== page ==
By Dhanpal Solanki Jain
Paryushan Parva, the annual Jain observance, is the most appropriate time to get uplifted through fasting, meditation, soul-search, awakening, self-study, courage, compassion and forgiveness for all beings. For both Shvetambar Jains, who observe the ritual over eight days, and Digambar Jains, for whom the festival lasts ten days, this is a time for introspection, reflection and purification and this season is popularly known as Chaturmas. It is also called Varsha Yog.
Chaturmas literally means ‘four months’ in Sanskrit, during the monsoon when Jain monks and nuns stay in one place and are available to the community for instruction and guidance.
Paryushan is when, to improve karmas, adherents perform 12 kinds of austerities, including fasting. They also do svadhyaya or self-study. The purpose of Paryushan is to stay close to your soul, reflect on your shortcomings, seek forgiveness for wrongdoings, remove internal corruption and vow to live an ethical way of life. Daily recital of Bhaktamar Stotra, Navakar Mantra, meditation and prayer helps one look within and reflect on the teachings of the tirthankaras for guidance.
On the fourth day of Paryushan, it is customary for Murtipujak Shvetambars to read from the Kalpa Sutra, a scripture which recounts the life of Mahavira, the 24th tirthankar, the 14 dreams of his mother before his birth, followed by the story of his birth, life and liberation. It also recounts the lives of other tirthankaras and the rules of Paryushan.
Jainism is the Sramana tradition of India. Mahavira led a socio-spiritual, non-violent reform movement. He rejected superstitious practices, blind faith, caste system, gender bias, sati and discouraged animal sacrifice. He encouraged ahimsa, compassion and scientific temper. He did not preach, but practised his philosophy. He promoted a radical economic, political and social justice movement based on complete equity.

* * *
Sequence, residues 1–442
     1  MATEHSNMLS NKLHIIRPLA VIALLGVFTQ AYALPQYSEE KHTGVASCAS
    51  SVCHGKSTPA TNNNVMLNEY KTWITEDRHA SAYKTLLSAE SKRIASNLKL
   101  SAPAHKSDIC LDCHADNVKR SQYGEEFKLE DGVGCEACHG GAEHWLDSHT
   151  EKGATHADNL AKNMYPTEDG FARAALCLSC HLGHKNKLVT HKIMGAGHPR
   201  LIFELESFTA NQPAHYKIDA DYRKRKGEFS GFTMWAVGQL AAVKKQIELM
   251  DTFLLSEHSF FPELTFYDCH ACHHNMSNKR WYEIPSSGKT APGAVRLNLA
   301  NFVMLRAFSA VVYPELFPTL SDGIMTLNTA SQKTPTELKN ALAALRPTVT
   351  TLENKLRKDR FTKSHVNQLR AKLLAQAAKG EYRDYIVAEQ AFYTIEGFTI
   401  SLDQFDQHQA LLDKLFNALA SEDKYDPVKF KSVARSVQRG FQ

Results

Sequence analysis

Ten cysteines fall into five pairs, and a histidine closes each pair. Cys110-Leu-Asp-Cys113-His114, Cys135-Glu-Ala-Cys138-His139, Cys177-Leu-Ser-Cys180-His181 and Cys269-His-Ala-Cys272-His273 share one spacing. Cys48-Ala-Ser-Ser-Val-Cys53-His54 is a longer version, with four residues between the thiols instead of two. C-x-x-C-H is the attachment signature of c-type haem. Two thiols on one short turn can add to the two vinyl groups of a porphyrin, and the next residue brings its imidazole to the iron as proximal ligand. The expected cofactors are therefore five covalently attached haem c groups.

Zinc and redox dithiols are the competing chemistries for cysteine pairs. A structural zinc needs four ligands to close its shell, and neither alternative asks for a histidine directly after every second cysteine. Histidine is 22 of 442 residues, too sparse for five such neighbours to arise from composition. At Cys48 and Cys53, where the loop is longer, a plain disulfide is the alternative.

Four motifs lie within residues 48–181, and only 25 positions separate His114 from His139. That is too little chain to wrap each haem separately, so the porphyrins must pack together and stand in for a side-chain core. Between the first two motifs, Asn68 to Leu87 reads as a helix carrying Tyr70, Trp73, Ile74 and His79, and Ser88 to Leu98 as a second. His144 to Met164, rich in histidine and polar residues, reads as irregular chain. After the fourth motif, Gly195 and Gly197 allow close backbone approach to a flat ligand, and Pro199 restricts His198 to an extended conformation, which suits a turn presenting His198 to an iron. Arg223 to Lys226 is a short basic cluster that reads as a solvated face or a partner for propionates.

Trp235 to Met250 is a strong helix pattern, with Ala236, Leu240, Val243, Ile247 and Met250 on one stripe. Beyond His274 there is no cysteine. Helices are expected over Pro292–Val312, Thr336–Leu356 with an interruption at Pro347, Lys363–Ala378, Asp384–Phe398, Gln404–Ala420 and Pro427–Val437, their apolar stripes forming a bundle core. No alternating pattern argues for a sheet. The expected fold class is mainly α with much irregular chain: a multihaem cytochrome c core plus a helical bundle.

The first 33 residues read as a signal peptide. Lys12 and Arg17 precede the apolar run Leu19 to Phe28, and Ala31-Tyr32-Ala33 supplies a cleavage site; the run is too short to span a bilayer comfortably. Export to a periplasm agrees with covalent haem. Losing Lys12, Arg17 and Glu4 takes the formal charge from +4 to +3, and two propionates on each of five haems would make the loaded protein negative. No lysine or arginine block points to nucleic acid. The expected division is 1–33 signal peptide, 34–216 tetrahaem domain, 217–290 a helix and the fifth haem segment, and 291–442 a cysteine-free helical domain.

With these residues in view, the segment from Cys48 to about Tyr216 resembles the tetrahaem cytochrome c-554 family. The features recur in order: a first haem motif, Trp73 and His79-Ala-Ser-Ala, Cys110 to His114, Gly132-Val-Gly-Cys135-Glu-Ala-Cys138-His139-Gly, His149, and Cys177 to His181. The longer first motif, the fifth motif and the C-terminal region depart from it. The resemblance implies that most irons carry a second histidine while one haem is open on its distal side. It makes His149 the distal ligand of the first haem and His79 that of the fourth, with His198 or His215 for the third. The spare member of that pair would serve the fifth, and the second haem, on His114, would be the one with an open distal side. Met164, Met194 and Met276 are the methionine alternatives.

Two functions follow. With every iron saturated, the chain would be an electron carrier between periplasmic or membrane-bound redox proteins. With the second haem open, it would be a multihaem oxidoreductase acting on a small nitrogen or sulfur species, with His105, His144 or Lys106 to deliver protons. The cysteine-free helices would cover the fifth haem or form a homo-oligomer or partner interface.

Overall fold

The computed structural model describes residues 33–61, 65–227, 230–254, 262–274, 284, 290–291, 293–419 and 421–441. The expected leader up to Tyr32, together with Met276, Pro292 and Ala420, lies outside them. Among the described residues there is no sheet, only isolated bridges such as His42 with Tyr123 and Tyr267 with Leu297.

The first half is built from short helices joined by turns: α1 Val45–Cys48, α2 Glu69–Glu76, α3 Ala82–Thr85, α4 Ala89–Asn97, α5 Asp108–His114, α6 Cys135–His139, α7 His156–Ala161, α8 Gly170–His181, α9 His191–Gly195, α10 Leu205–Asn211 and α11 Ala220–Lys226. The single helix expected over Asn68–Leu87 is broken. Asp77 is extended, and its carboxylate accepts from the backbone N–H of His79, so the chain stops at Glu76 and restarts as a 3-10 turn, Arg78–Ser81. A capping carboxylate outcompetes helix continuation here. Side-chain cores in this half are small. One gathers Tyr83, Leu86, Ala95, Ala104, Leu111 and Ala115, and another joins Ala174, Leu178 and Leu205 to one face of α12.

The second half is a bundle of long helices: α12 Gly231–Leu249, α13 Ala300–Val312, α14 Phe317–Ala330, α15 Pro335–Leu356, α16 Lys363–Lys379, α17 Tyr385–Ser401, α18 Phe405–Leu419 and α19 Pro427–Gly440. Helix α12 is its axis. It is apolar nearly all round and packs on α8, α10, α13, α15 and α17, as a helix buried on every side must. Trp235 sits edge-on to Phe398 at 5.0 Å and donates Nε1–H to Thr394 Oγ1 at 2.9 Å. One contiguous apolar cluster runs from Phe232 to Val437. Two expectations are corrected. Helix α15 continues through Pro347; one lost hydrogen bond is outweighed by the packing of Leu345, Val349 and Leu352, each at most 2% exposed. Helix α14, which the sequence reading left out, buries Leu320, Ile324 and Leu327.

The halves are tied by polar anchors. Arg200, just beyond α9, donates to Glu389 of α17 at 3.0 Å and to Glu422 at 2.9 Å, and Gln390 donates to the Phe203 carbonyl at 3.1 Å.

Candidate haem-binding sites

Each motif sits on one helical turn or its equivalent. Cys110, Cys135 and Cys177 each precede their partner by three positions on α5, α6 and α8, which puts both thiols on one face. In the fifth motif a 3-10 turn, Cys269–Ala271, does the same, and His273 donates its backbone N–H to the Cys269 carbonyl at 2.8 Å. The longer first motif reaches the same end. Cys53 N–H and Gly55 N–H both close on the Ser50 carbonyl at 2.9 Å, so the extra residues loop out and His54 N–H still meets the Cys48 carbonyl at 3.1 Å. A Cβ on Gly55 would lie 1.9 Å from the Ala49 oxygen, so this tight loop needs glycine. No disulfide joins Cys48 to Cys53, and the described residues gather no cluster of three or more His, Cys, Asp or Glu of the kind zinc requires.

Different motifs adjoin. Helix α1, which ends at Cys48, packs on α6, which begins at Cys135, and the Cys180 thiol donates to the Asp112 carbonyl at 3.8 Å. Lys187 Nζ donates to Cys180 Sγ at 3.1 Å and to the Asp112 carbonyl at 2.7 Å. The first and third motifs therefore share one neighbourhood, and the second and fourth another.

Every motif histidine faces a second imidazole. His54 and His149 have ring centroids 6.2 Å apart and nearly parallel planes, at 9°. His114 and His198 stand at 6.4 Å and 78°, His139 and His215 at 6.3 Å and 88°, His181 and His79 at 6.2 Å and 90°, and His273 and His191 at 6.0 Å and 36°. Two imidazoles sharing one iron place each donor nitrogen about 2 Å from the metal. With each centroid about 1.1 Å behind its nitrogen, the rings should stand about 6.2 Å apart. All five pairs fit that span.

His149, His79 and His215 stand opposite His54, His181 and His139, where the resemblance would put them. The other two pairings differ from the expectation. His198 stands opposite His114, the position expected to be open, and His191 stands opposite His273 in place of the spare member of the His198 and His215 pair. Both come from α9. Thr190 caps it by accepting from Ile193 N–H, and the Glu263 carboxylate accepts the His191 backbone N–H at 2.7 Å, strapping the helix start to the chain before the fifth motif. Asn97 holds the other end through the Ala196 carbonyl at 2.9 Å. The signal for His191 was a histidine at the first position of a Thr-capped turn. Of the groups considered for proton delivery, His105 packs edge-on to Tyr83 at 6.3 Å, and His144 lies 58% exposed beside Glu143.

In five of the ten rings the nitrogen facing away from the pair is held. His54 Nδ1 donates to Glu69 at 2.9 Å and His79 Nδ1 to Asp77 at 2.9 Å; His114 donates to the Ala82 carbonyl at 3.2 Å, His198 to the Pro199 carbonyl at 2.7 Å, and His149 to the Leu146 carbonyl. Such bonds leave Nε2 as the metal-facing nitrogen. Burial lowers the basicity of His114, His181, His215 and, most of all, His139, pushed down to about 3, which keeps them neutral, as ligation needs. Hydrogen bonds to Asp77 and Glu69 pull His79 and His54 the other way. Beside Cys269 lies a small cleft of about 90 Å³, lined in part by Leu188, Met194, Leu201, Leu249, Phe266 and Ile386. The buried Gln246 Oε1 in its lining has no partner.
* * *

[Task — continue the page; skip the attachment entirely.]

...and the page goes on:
He regarded all species of flora and fauna as integral to a composite moral community. He emphasised the concept of jivdaya or animal care and aparigraha or non-possessiveness to protect biodiversity from human greed and butchery. The fivefold Navkar Mantra that is recited offers obeisance not to God, but to arihants, perfected beings; siddhas, liberated souls; acharyas, masters; upadhyayas, teachers; and sadhus, renunciates. Jainism promotes rational, scientific, compassionate, courageous and ethical way of life based on complete equanimity and tranquillity.
The first tirthankar Rishabhdev talked of six main professions for livelihood: 1. Asi: swordsmanship for self-defence, wrestling; 2. Masi: art, culture, writing skills, literature and education; 3. Krishi: agriculture, agrarian lifestyle; 4. Vidya: schooling, knowledge and training; 5. Vanijya: trade and commerce, enterprise; and 6. Shilp-kala: architecture, handicrafts and skill development. Rishabhdev advocated women’s education and their liberation.
Bahubali, the elder son of Rishabdev said, “Do seva without discrimination” because all of us are experiencing dukh-dard, pain, agony and suffering. Without paro-upkar, selfless service, bhakti and puja remain incomplete. Bahubali promoted rural sports like wrestling and Hatha Yoga, to stay healthy, fit and active.
During Paryushan Parva vegetarian meals are made simpler than usual. For Shvetambars, the final day of Paryushan is Samvastsari Pratikraman, the annual confession, when it is time for confession and seeking forgiveness as well as being forgiving, enabling self-liberation. The ritual of seeking forgiveness from the teacher is widened in scope to include family, friends and all living beings. The culmination of confession is receiving forgiveness from all living beings and also forgiving everyone including oneself.
DISCLAIMER : Views expressed above are the author’s own.